HK scientists design neurosurgical robotic system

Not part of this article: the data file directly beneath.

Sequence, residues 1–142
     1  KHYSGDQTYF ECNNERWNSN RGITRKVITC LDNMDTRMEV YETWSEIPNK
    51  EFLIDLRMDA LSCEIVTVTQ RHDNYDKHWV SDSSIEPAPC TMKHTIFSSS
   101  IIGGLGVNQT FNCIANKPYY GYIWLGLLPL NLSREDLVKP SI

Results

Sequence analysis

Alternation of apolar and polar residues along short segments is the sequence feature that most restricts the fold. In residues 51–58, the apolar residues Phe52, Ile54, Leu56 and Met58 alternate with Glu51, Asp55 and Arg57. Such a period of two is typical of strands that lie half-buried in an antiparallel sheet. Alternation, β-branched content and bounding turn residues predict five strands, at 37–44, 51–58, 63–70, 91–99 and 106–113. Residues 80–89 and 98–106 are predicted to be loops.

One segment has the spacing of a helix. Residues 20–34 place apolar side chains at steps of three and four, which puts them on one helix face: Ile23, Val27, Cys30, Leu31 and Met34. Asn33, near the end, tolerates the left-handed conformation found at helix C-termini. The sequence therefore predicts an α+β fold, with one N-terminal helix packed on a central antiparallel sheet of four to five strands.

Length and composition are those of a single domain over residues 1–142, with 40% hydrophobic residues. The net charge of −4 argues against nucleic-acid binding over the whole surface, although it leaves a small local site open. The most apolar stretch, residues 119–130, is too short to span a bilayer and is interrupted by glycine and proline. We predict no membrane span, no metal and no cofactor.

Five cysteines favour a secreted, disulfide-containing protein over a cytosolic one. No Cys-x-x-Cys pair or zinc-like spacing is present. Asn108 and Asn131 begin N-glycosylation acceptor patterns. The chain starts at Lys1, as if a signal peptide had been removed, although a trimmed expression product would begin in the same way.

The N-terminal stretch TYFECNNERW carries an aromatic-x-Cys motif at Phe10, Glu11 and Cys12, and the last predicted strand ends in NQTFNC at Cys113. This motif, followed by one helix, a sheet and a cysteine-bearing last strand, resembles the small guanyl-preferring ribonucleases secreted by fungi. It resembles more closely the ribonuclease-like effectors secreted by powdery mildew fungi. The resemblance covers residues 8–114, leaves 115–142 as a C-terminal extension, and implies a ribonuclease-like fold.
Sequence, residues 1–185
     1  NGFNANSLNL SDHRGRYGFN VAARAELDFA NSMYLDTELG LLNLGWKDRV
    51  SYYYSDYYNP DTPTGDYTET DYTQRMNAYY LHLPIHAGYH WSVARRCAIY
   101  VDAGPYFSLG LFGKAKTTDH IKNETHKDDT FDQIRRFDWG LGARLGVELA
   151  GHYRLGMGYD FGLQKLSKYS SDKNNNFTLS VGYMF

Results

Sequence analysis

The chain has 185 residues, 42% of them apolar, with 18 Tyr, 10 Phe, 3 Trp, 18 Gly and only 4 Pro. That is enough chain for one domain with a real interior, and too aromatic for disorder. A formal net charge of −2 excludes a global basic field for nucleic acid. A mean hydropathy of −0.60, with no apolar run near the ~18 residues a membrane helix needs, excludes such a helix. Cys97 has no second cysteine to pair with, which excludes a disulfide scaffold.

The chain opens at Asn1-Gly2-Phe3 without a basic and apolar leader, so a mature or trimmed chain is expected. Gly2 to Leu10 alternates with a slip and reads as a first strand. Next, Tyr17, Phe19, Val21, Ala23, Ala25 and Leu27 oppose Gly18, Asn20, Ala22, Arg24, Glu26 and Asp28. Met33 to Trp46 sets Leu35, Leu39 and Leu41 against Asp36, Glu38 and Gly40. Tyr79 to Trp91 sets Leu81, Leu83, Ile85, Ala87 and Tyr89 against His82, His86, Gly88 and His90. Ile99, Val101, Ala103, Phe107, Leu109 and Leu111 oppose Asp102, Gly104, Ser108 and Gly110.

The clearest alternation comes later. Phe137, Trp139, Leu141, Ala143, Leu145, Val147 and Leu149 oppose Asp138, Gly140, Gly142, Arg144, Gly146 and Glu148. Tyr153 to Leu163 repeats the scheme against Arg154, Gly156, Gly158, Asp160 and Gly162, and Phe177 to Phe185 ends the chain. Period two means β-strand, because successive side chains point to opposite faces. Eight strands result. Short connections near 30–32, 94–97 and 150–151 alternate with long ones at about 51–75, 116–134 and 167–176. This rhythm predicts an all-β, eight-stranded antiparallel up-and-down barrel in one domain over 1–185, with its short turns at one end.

A group of researchers at the University of Hong Kong has developed a robotic system that can perform neurosurgery inside a magnetic resonance imaging (MRI) scanner. Stereotactic neurosurgery involves using an external positioning system to locate targets of surgical interest and guide minimally invasive surgery. It is one of the few treatments available for neuropsychiatric disorders such as Parkinson’s disease, essential tremor and major depression. Since MRI scanners have very strong magnetic fields and most metallic components are forbidden in MRI environments, the team developed a tele-operated robotic system driven by liquid. The system does not generate any electromagnetic interference or affect imaging quality. A manipulator is designed to perform dexterous operations on the left and right brain targets, and the area required for an invasive anchorage is very small. Furthermore, the compact robot can fit inside a standard MRI head coil, and advanced three-dimensional tracking markers enable fast localization of robot instruments in MRI in real time. According to the researchers, this innovation is expected to facilitate the treatment of Parkinson’s disease and other neuropsychiatric disorders, allowing more accurate and effective brain surgery. Further clinical studies will be conducted to determine the efficacy of the system.